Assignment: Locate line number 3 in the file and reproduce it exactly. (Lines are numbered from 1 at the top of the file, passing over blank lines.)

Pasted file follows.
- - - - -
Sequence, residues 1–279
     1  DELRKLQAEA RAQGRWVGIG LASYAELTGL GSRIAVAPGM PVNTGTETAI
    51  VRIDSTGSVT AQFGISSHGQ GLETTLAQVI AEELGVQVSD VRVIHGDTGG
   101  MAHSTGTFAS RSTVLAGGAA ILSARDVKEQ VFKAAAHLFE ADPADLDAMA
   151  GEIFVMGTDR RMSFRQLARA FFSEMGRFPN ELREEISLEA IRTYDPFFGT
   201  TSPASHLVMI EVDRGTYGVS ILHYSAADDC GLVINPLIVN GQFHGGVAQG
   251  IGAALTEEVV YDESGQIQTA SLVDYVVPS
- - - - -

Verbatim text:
    51  VRIDSTGSVT AQFGISSHGQ GLETTLAQVI AEELGVQVSD VRVIHGDTGG